The US land-based commercial casino sector hit yet another all-time revenue record in 2018, with only two of 24 gaming states not reporting year-on-year growth.
On Tuesday, the American Gaming Association (AGA) released its annual State of the States report, which tracks the performance of the 465 commercial casinos across the US of A. The AGA says total casino gaming revenue hit $41.68b in 2018, a 3.5% improvement over the 2017 report and the fourth straight year of year-on-year growth.
Of the 24 states that had commercial casino operations in 2018, 12 reported record annual revenue in 2018. Only two states – Illinois (-2.4%) and West Virginia (-0.1%) – reported year-on-year declines. State governments’ share of 2018’s record haul was equally record-breaking, rising 31% year-on-year to $9.71b.
Only 18 states separately report slots and table game revenue, but those states broke with tradition by reporting higher year-on-year growth in slots over tables, flipping a script that has held for some time. Slots revenue was up 3.4% in 2018, while tables grew 2.4%.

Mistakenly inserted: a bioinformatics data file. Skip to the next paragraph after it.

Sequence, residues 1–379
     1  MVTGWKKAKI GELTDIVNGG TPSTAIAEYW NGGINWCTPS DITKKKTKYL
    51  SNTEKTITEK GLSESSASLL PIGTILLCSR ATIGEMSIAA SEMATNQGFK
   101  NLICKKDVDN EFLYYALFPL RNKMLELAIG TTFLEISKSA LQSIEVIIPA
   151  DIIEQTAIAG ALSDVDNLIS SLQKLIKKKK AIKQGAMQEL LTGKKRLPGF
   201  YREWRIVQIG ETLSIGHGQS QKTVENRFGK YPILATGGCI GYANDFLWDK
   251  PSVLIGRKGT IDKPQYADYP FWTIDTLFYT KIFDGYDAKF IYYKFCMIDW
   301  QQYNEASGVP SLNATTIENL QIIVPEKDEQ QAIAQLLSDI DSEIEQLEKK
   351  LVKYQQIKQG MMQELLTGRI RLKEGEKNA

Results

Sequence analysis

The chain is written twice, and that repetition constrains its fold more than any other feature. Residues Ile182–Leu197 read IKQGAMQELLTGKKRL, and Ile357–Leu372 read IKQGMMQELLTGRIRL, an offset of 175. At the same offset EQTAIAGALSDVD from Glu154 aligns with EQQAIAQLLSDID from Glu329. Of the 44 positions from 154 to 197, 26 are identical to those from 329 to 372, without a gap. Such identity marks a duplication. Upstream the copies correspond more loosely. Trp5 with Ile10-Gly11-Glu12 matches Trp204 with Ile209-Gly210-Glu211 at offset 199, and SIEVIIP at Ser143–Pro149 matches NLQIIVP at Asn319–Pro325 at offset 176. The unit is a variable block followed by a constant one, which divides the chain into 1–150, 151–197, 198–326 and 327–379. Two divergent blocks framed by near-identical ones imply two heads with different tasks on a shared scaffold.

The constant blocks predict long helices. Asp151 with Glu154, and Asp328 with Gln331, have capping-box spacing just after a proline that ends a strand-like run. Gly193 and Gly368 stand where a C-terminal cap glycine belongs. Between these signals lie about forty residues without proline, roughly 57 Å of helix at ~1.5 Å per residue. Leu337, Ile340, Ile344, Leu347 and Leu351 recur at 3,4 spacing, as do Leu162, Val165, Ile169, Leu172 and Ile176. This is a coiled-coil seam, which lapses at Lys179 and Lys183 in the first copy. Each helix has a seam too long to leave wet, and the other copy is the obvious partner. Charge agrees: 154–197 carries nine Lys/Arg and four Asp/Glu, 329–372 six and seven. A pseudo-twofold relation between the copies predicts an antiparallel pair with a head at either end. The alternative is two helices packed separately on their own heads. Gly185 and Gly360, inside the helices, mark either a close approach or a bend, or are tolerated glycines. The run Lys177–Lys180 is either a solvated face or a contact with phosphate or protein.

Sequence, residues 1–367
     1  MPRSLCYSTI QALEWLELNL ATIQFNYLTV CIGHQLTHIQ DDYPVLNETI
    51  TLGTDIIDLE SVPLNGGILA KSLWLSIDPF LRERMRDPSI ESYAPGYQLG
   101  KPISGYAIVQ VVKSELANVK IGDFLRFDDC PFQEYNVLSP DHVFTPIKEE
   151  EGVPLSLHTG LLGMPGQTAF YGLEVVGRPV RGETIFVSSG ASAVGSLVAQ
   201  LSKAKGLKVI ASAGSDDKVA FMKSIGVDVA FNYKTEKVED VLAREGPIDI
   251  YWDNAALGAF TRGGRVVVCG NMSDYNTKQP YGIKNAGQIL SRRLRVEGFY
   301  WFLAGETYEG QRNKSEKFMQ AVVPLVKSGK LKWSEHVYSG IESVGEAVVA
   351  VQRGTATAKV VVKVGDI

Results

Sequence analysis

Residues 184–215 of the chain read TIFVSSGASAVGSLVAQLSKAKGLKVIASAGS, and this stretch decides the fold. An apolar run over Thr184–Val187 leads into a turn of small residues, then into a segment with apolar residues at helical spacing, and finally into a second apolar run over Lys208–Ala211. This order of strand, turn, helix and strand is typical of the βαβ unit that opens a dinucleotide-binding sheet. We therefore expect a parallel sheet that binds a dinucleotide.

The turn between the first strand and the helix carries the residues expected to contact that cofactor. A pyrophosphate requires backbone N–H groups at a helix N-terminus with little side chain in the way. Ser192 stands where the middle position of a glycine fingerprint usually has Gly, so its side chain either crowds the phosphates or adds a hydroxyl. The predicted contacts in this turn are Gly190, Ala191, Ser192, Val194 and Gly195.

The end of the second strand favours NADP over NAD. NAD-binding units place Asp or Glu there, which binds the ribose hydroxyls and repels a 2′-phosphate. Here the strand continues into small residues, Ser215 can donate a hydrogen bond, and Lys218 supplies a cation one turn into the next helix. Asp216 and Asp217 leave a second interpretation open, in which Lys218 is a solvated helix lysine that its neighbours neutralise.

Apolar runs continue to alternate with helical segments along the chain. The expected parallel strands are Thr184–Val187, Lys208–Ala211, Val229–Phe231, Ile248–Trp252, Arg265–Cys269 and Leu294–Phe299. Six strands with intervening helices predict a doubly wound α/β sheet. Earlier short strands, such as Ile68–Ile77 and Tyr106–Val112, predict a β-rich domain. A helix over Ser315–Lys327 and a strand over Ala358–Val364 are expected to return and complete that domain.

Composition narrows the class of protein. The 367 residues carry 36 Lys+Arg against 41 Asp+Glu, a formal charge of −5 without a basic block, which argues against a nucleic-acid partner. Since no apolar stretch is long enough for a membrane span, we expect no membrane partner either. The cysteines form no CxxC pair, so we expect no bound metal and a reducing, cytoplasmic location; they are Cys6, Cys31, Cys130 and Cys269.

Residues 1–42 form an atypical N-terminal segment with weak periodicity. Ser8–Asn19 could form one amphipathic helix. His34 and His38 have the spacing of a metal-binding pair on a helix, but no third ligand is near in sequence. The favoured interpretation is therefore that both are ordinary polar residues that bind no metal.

The growth of legal sports betting following last May’s US Supreme Court ruling helped goose 2018’s revenue total. Seven states legalized single-game wagering last year, boosting the annual haul from wagering to $430.2m from $261.3m in 2017.
Nevada continued to lead all states on the revenue chart with nearly $11.9b (+3%), with runner-up Pennsylvania well off the pace ($3.25b, +0.75%). The rest of the top-five remains a dogfight, led by New Jersey ($2.9b, +9.2%), New York ($2.59b, +10.2%) and Louisiana ($2.56b, +0.01%). Massachusetts posted the year’s biggest improvement (+65.7%) following last August’s opening of MGM Springfield.
Pennsylvania’s reputation as a tax-happy gaming state continued unabated in 2018, with its local government collecting nearly $1.5b (+3.2%) in 2018. Runner-up New York was well back at $1.1b (+7.7%) while Nevada’s more sensible tax regime was third with $850m (-1.9%).
In terms of commercial casino markets, the Las Vegas Strip led the pack with $6.6b, with Atlantic City well back at $2.5b. ‘Chicagoland’ (covering operations on both Illinois and Indiana sides of the border) ranked third with $1.95b, while Baltimore-Washington placed fourth with $1.88b, well ahead of New York City’s $1.45b, thanks to Baltimore-Washington’s 6.4% annual growth following MGM Springfield’s launch.